Whether constitution writers will go along with the junta's controversial proposals such as an outsider prime minister or appointed senators will be known on Monday.
Meechai Ruchupan, chairman of the Constitution Drafting Committee (CDC), said on Thursday the draft constitution was now 80-90% complete and the proposals of the National Council for Peace and Order (NCPO) and the three bodies it appointed would be considered on March 21.
"They will be concluded on the same day," said Mr Meechai, who is also an NCPO member.
After that, the writers will review all sections thoroughly once again.
The NCPO unveiled its proposed changes to the charter draft this week. All of them involve provisional clauses, which govern how power will change hands during the five years after the constitution takes effect.
The junta claimed its proposals would help ensure a smooth transition and maintain the peace and order it had painstakingly restored.
It insisted it did not want to hold on to power but critics are not so sure.
Mr Meechai's blueprint wants senators to come from professional groups who will cross-elect among themselves. Details of which professional groups will be eligible and how the cross-election will be done will be in an organic law, which has not yet been written.
The NCPO wants the number of senators to be half that of MPs, or 250, to be screened by a committee of 8-10 people who are "independent and neutral". The senators will serve a five-year term compared to MPs' four years.
They must not be active state officials, except for six seats reserved for the chiefs of the army, navy, air force, police and the joint armed forces, as well as defence permanent secretary to "guarantee" security and order is maintained.
The senators won't be allowed to elect a PM. Their main duties are to protect the constitution, steer reforms and control the government.
"To allow senators to protect the constitution so that politicians can't distort people's will and to support a noble government, they should be able to control the administration by launching a no-confidence debate against it," the junta said in a letter to the CDC.
Mr Meechai's team will give voters only one ticket, assuming when a person votes for a candidate, he votes for the candidate's party as well.
But the junta favours two voting tickets — one for constituency MPs and the other for parties — like in previous polls. It reasoned the method would help small parties. The composition of the House will remain 350 constituency MPs and 150 party MPs.
The difference between the proposed voting method and the old system is that the NCPO wants a constituency to be bigger and represented by three MPs. Voters, however, can choose only one candidate and the top three win.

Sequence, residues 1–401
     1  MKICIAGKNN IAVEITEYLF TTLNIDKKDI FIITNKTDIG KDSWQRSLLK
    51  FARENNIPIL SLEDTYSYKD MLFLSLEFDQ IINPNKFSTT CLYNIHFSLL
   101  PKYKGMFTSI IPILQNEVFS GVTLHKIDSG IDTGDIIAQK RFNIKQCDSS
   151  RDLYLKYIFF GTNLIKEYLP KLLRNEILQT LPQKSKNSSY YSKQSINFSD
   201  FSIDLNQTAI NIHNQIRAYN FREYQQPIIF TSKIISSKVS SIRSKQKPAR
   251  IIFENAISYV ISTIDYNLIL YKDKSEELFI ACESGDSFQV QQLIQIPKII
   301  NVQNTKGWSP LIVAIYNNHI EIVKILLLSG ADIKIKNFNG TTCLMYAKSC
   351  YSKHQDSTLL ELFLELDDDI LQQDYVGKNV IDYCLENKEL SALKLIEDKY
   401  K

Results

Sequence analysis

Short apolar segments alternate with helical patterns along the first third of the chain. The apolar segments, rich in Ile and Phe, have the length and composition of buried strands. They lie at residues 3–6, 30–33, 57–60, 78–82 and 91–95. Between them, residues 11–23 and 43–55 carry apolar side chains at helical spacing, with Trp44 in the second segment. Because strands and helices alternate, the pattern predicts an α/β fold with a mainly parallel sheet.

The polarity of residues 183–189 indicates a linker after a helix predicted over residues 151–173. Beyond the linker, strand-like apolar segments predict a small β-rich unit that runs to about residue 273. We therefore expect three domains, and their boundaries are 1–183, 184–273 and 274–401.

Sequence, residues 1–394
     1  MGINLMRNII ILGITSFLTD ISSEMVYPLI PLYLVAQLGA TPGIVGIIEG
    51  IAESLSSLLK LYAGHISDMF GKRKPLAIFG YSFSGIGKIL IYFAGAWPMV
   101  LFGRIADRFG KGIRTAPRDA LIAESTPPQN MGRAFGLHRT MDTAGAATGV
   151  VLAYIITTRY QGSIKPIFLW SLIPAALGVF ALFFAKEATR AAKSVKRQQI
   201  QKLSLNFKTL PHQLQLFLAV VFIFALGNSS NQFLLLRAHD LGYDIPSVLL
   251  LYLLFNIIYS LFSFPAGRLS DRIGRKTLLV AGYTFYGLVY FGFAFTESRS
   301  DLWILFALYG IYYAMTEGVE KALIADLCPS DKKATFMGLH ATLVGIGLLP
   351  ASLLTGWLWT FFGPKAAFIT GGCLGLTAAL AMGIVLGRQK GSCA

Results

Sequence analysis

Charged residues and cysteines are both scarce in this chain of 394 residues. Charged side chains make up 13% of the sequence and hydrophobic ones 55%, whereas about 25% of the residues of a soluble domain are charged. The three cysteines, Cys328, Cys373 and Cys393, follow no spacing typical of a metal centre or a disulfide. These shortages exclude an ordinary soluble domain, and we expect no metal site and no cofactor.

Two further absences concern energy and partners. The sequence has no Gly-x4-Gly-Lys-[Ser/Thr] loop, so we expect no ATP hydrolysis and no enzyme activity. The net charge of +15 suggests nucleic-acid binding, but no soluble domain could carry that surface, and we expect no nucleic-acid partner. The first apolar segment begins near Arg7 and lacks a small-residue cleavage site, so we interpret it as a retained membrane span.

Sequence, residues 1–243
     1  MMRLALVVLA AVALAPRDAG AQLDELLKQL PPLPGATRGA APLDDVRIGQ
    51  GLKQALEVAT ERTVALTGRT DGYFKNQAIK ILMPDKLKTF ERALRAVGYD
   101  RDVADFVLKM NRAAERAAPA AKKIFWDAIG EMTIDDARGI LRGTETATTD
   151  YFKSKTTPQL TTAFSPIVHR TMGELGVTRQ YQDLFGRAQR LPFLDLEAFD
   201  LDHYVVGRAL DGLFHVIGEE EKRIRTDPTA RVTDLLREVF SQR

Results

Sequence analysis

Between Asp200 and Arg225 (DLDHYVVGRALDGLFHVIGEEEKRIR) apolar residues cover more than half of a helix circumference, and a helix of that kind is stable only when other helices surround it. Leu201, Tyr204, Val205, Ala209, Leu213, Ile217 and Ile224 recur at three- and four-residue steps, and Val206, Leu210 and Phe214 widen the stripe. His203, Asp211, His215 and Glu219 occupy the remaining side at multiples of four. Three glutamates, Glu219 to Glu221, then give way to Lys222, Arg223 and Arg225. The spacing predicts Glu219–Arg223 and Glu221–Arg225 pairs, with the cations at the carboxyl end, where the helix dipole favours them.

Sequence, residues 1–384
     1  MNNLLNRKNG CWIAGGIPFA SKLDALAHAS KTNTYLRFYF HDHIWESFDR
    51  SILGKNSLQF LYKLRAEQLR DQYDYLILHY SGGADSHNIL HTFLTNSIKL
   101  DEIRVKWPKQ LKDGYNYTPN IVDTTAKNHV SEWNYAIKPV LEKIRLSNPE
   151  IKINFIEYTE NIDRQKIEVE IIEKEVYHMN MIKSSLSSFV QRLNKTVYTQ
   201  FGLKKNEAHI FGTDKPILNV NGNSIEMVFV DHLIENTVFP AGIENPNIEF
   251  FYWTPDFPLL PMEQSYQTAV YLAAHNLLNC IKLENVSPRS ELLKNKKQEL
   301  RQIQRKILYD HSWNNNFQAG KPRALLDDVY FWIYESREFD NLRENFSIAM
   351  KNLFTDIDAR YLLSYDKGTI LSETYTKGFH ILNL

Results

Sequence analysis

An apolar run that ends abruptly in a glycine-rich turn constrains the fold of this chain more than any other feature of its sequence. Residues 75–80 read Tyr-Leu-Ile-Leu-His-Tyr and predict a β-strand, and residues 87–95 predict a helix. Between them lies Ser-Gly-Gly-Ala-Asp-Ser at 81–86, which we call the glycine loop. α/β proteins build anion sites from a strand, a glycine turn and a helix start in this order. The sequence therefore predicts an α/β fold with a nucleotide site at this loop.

In the latest version of the draft charter, a party may propose three PM candidates, who may not necessarily be MPs, to be elected by the House.
The NCPO doesn't agree with the idea, questioning the necessity of it at this crucial time. However, this doesn't mean an outsider can't be a PM.
"Problems might emerge. A PM candidate might pull out or is disqualified. No party has a majority vote and can't agree with other parties on who should become the PM.
"If this rule is in place, even though they might want someone outside the PM candidate lists to head the government, they can't do so," the NCPO statement explained.
The selection of a PM should therefore be done freely within a timeframe but without limits on choice, it said.
Abhisit Vejjajiva, Democrat Party's leader, expressed a concern on Thursday the three-MP constituencies might not reflect people's will as voters could choose only one candidate.
"This, coupled with the proposals to scrap of three PM candidates and on appointed senators who can topple a government, indicates we're entering a political era where politicians bargain for their interests rather than let the ballots decide the country's fate.
"The problem of this country is not that a government has majority votes but rather a government abuses the votes it won. We should therefore address it at the right place, not by erasing people's will," he said.
Pheu Thai Party also issued a statement on Thursday, criticising the proposals, as well the constitution draft in general.
Having armed forces chiefs become senators by position makes a very awkward system. "They are active state officials who are supposed to follow government orders but instead they are given the power to check their boss.
"By assigning the senators to protect the constitution and steer reform, the junta turns them into the crisis panel in Mr Borwornsak [Uwanno]'s draft. It allows a bunch of appointed people to launch a censure debate against an elected government, something unheard of in democratic countries," it said.
"The proposals betray the need to keep a tight rein on the administration through their people."
A Pheu Thai member also pointed out unless a government has 376 votes or more, it can easily be toppled. The 250 senators can do so by joining hand with 125 votes of the opposition. "This means whoever becomes a PM must have the blessing of the senators."
But despite the criticisms, the junta has shown no signs of backing down, insisting the changes are necessary to maintain peace and order and will be in effect for only five years.
Asked what to do if the CDC rejects the proposals, Prime Minister Prayut Chan-o-cha said: "I'll keep sending them [proposals] until it accepts them.
"If it doesn't pass the referendum, I'll write a new one."